22. 22. Heat stressed areas are increasing For example: Environment for wheat in India <ul><li>Current 2050 </li></ul>
    23. 23. Water scarcity Source: Ministry of Water Resources, Gov. India, 2006
    24. 24. Increasing Water Stress in Punjab Note: Figure in parentheses indicate stage of ground water use. A total of 137 blocks were assessed. Source: Planning Commission, 2007 J. Dixon, CIMMYT
    25. 25. <ul><li>Glaciers cover c.33,000 km 2 </li></ul><ul><li>Provide c.8.6 X 10 6 m 3 of water / year </li></ul><ul><li>67% Retreating at a rapid rate </li></ul>Deglaciation – Simulated River Flows (next 10 decades)
    26. 26. Population changes Source: GPW. CIESIN/CIAT/FAO
    27. 27. Challenges for South Asia <ul><li>Over Exploitation of Groundwater </li></ul><ul><li>Declining water tables 1-3m / year </li></ul><ul><li>67% of Glaciers in rapid retreat </li></ul><ul><li>Medium-term increased river flows </li></ul><ul><li>Threat of Glacier Lake Outburst Floods </li></ul><ul><li>Longer-term (40 years+) reduced river flows </li></ul><ul><li>Increasing Wheat Heat Stress </li></ul><ul><li>17-38% Reduction in High Potential Areas by 2020 </li></ul>Increasing Population
    28. 28. IMPACT OF CLIMATE CHANGE n.a. – not applicable for Alaska, Northern Canada and Antarctica Source: Cline 2007 Impact on agricultural production with carbon fertilization (%)
    29. 29. THE BIOFUEL BOOM <ul><li>Source: IFPRI IMPACT projections </li></ul>Changes in world prices of feedstock crops and sugar by 2020 under two scenarios compared to the baseline levels (%)
    30. 30. Source: IEA and APERC, 2005 Gasoline Demand from Transport (MTOE)‏ 0 50 100 150 200 250 300 350 400 450 2005 2010 2015 2020 2025 2030 million tons oil equivalent India Brazil USA EU China
    31. 31. Growth rates of yields for major cereals in developing countries are slowing Source: World Development Report 2008 SLOWING AGRICULTURAL PRODUCTIVITY GROWTH
    32. 32. Growth yield (% year) is decreasing: Wheat -2.0 -1.0 0.0 1.0 2 . 0 3.0 4.0 5.0 China India USA Russian Fed. France Canada Australia Germany Turkey Pakistan United Kingdom Argentina Iran Ukraine Kazakhstan Poland Italy Egypt Romania Spain Growth yield (%/year) 1966-79 1980-94
    33. 33. Solutions on the way?
    34. 34. Saving land through High-Yielding varieties Example: wheat in India 100 60 40 20 0 1961 1965 1970 1975 1980 1985 1990 1995 2000 Million hectares Land Used Land Saved 80 1961 2000 Production, 11 76 Million tonnes Av. Yield. t/ha 0.85 2.90 Population, Millions 452 1,016 Source: FAOSTAT, 2002
    35. 35. <ul><li>Higher yield with improved adaptation </li></ul><ul><ul><li>Hybrids in different crops: Vegetables, food crops (maize, sorghum, bajra) and also in self pollinated crops like Rice </li></ul></ul><ul><ul><li>Hybrid rice has sustained cereal production in China and South East Asia </li></ul></ul><ul><ul><li>Eastern Gangetic plains of India is the fastest adopter of hybrid rice in India </li></ul></ul><ul><ul><li>Yield is around 40% higher; days to maturity lesser by around 30 days; required less water; good for enhancing cropping intensity </li></ul></ul>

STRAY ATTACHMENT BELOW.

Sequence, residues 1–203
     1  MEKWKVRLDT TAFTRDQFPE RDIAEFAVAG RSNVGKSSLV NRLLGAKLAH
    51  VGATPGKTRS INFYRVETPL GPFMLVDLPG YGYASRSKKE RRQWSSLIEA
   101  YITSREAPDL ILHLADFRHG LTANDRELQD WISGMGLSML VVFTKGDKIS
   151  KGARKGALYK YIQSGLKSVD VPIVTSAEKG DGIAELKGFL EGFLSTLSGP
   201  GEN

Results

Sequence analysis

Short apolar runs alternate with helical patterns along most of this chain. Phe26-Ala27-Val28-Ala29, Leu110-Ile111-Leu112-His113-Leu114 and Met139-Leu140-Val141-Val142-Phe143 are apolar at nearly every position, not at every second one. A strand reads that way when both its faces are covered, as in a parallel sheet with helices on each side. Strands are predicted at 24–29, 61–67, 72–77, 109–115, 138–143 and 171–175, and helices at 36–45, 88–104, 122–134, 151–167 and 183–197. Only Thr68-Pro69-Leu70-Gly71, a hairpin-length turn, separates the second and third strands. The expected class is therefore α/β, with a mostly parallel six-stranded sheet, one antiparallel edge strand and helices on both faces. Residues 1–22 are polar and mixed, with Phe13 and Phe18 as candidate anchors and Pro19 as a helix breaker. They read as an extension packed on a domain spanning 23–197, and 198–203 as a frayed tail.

36. 36. <ul><li>Varieties with superior stress tolerance are becoming available </li></ul><ul><ul><li>Flooding tolerance in rice (IRRI) </li></ul></ul><ul><ul><li>Water-logging tolerance in pigeon pea (ICRISAT) </li></ul></ul><ul><ul><li>Drought tolerance in rice (IRRI), wheat & maize (CIMMYT), barley (ICARDA), groundnut, sorghum & pearl millet (ICRISAT), beans (CIAT), & cowpea (IITA) </li></ul></ul>
    37. 37. Stay green plants; more heat and drought tolerance
    38. 38. T. durum T. tauschii ABD <ul><li>Synthetic wheat developed by CIMMYT is already highlighted globally </li></ul><ul><li>New hope for stress areas, mainly drought </li></ul>D + AB Synthetic wheat
    39. 39. Conservation Agriculture Saving environment and money and making agriculture sustainable
    40. 40. Transgenics!
    41. 41. Bt Cotton <ul><li>20 million ha around the world </li></ul><ul><li>6 million ha in India </li></ul><ul><li>50,000 mt reduction in insecticide use </li></ul><ul><li>Less health hazard </li></ul><ul><li>Significant increases in farmer profits </li></ul>
    42. 42. Virus resistance Source: Monsanto Herbicide resistant <ul><li>current : soybean, corn, canola, cotton, alfalfa </li></ul><ul><li>coming : sugar beet, lettuce, strawberry, wheat, </li></ul><ul><ul><ul><li>Turf grass </li></ul></ul></ul><ul><li>resistance gene from bacteria </li></ul><ul><li>papaya, squash, potato </li></ul><ul><li>resistance gene from a virus </li></ul>
    43. 43. <ul><ul><ul><ul><li>Molecular tools are being used for employing bio-fortified varieties of crops </li></ul></ul></ul></ul><ul><li>“ Bio-fortification” means producing crops that have higher levels of nutrition in their edible parts </li></ul>
    44. 44. Golden rice Rice grain White rice Golden rice
    45. 45. ‘ Golden Crops’ Source: Gerard Barry Source: Torbert Rocheford
    46. 47. Eat fruit, get vaccine <ul><li>A pathogen protein gene is cloned </li></ul><ul><li>Gene is inserted into the DNA of plant (potato, </li></ul><ul><li>banana, tomato) </li></ul><ul><li>Humans eat the plant </li></ul><ul><li>The body produces antibodies against pathogen protein </li></ul><ul><li>Human are “ immunized ” </li></ul><ul><li>Examples: </li></ul><ul><ul><li>Diarrhea </li></ul></ul><ul><ul><li>Hepatitis B </li></ul></ul><ul><ul><li>Measles </li></ul></ul>
    47. 48. GM Flower to detect landmines More than 100 million mines are spread over 45 countries
    48. 49. Land mines detecting flowers <ul><li>Danish Company: Aresa Biodetection </li></ul><ul><li>Thale cress: a weed </li></ul><ul><li>Coded to change colour of flower to red when root comes in contact with Nitrogenous gases evaporating from explosives ! </li></ul><ul><li>Flowers with in 3-6 weeks of sowings </li></ul>
    49. 50. Land Mine Detection Mine detected
    50. 51. Feeding Future Populations World has the technology—either available or well-advanced in the research pipeline—to feed 10 billion people Extending the Green Revolution to many more food-insecure people will provide a better diet at lower prices
    51. 52. Thanks for your attention /kU;okn